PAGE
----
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Have you ever wondered exactly what coaches look for in a tryout situation?

Why do some kids get picked and others don’t?

Check out the “PICK ME” tryout tips below!

P – Preparation is Key

Athletes need to be organised and prepared for tryouts. Be sure to arrive at the venue early, with time to register and warm up. Make sure you are ready to go for start of the session. Ensure you have a water bottle, reversable singlet, ball, note book and pen.

I – Identify Your Strengths

Prior to the tryouts, allocate some time to identify your strengths. Set 3 goals for the tryout, for example;

  • Be a scorer, penetrate with confidence. GOAL – 5 shots in the paint off the dribble.
  • Be a presence inside, box out. GOAL – 4 defensive rebounds.
  • Be a team player, create for others. GOAL – 5 kick ahead passes/assists.

C – Coachable Kids are Capable Athletes

Be an athlete that is willing to learn, coachable players are the most successful ones! Athletes that display a growth mind set will always be selected over athletes with a fixed mindset. Are you an athlete that displays coachable traits?

  • Be an active listener
  • Be respectful, don’t dribble the ball when coach is talking
  • Be respectful, look the coach in the eye
  • Be a positive communicator
  • Be a team player
  • Be a problem solver
  • Be ready, if you’re not sure what to do – ask a question!

K – Knowledge is Power!

Experienced coaches plan each session with a purpose, a tryout is no different! Most tryout sessions (depending on age and ability) will have a skill component, concept component and half/full court play phase. Athletes need to look for the part of the session when the coach will teach a concept, for example; an offensive play or defensive concept. Coaches are looking for athletes who can replicate these concepts in the play phase of the session.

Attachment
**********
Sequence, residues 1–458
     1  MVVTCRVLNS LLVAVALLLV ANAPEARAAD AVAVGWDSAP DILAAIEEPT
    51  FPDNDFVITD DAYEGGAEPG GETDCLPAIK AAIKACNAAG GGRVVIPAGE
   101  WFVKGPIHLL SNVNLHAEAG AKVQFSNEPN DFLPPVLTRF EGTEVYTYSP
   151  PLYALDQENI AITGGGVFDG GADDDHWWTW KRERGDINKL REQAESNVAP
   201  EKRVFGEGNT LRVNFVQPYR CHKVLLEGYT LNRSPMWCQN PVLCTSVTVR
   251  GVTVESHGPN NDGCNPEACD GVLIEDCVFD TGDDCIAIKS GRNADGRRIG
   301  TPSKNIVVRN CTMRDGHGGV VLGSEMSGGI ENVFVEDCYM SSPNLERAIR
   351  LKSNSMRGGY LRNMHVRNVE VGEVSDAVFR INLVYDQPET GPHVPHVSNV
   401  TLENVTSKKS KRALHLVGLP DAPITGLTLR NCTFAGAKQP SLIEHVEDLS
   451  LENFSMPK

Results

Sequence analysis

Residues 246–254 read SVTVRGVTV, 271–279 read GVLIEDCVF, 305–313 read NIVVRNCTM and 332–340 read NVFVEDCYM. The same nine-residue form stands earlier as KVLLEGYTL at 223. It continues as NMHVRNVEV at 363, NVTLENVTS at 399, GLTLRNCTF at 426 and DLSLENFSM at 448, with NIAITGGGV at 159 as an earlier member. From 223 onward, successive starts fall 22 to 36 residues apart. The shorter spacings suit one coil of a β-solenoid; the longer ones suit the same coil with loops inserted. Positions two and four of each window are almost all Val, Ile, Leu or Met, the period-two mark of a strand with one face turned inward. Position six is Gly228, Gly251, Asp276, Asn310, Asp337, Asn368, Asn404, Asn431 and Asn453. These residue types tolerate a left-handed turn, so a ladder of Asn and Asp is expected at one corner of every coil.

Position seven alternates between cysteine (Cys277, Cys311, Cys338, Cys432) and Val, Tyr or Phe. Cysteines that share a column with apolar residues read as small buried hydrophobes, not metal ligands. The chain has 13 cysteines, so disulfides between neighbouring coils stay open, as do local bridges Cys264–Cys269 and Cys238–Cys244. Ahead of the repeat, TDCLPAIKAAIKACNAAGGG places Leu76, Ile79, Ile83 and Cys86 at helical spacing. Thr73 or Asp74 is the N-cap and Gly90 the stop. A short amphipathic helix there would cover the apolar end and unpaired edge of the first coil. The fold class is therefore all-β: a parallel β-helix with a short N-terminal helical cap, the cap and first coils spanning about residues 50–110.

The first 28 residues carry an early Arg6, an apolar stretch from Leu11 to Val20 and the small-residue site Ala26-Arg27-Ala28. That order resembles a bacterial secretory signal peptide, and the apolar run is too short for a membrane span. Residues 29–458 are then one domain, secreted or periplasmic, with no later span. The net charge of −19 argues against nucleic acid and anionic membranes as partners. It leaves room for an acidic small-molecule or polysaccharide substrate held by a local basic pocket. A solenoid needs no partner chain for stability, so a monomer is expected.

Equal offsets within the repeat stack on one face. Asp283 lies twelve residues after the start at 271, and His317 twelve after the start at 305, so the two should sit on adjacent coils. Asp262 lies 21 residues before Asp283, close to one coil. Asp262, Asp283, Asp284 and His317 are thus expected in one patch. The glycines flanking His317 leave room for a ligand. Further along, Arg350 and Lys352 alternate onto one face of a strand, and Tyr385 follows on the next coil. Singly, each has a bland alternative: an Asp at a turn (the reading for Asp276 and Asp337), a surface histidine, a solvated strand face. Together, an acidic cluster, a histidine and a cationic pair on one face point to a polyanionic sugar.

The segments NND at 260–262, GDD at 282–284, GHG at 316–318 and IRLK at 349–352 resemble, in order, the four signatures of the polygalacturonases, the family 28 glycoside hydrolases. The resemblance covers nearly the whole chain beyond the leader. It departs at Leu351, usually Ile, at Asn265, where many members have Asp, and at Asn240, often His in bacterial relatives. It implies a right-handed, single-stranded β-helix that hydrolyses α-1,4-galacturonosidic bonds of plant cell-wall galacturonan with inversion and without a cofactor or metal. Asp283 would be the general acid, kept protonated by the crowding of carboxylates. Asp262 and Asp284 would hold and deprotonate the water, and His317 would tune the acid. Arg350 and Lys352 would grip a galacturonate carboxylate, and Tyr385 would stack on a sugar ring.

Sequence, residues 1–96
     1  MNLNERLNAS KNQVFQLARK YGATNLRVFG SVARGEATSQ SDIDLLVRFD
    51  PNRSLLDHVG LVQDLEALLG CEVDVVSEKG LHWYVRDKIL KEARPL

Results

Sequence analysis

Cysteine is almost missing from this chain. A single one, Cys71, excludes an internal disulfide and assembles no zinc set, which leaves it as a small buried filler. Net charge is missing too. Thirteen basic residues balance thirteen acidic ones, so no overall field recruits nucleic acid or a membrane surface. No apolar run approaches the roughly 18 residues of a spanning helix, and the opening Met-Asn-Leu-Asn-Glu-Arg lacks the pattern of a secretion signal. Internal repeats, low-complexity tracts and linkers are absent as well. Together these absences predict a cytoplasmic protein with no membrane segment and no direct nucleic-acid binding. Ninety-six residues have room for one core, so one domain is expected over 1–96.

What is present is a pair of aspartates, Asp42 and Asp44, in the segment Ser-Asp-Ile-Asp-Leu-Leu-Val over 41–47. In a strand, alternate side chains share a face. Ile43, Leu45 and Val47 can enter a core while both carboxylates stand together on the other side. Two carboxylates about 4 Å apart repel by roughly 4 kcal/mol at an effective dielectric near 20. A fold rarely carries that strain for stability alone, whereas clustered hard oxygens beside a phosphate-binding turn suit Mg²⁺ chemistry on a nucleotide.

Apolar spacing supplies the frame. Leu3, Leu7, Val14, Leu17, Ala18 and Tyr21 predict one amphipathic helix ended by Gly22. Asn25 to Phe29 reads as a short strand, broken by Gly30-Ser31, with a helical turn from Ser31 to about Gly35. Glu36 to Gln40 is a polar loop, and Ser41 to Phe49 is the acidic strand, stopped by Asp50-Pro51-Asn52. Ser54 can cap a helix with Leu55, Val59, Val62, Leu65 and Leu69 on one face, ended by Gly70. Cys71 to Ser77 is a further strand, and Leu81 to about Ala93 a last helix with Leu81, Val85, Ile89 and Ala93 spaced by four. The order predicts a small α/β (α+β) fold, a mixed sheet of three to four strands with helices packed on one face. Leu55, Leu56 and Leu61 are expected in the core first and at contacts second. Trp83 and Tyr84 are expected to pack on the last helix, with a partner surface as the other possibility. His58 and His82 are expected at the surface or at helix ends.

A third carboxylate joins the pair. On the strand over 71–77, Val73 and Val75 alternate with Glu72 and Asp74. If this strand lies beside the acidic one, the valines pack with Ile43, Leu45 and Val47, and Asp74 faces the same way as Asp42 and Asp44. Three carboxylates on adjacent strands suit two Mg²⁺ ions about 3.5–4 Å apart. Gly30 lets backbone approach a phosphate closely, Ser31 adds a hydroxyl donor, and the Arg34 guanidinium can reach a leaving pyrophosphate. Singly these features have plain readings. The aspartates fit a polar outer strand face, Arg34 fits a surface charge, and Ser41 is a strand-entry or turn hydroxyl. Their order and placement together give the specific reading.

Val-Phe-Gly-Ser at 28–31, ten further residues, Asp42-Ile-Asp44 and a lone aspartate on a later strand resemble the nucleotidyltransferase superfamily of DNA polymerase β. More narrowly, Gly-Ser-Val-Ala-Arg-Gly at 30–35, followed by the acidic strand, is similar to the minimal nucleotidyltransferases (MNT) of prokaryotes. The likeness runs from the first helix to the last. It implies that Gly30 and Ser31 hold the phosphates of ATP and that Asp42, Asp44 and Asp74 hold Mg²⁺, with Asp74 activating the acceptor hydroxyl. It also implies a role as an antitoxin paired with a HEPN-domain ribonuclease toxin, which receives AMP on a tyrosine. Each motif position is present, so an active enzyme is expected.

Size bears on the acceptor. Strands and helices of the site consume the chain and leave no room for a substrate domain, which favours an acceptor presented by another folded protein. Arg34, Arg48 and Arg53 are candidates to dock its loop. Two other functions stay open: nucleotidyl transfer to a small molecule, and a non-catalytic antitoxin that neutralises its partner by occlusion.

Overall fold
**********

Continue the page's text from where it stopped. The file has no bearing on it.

Some athletes might experience some new drills when participating in a tryout session. If you come across a complex new drill and find it hard, try the tips below;

  • Be sure to listen actively to the coach during the demo, if it is a complex drill, focus on the actions of ONE player
  • If you are unfamiliar with the drill, go to the back of the line and watch the athletes perform the drill ahead of you
  • Be an active line observer – choose ONE athlete in YOUR LINE and watch
  • Find the rotation pattern – all drills will involve players to rotate positions/lines, what is the pattern? Follow the leader? Offence to defence / defence out?
  • If you are not sure ask another player
  • If you are not sure ask the coach

M – Make Your Mark!

Tryouts are not only stressful for players, coaches can also find themselves in a high-pressure situation. The majority of trials are executed with a large number of athletes, limited court space and not enough time. You can’t assume that the selectors know you! So, make it easy for them to recognize you;

  • Wear easily identifiable clothing
  • Unique hair style
  • Coloured mouth guard
  • Long socks
  • Sweat bands
  • Skins/ long sleeves.

This might just be the difference between a coach recalling a great post move, strong rebound or sweet shot!

It’s also a good idea to volunteer for drills (if you feel comfortable) and thank the coaches with a handshake at the end of session.

E – Effort is Everything!

Coaches are always looking for athletes who give 100%. Remember, it doesn’t take a great amount of talent to sprint after a loose ball, pick up your player early, box out and rebound. It’s all about effort, don’t get out-hustled! If you make a mistake – don’t worry! Just think about the next phase of the game, no need to live in the past!

Good Luck!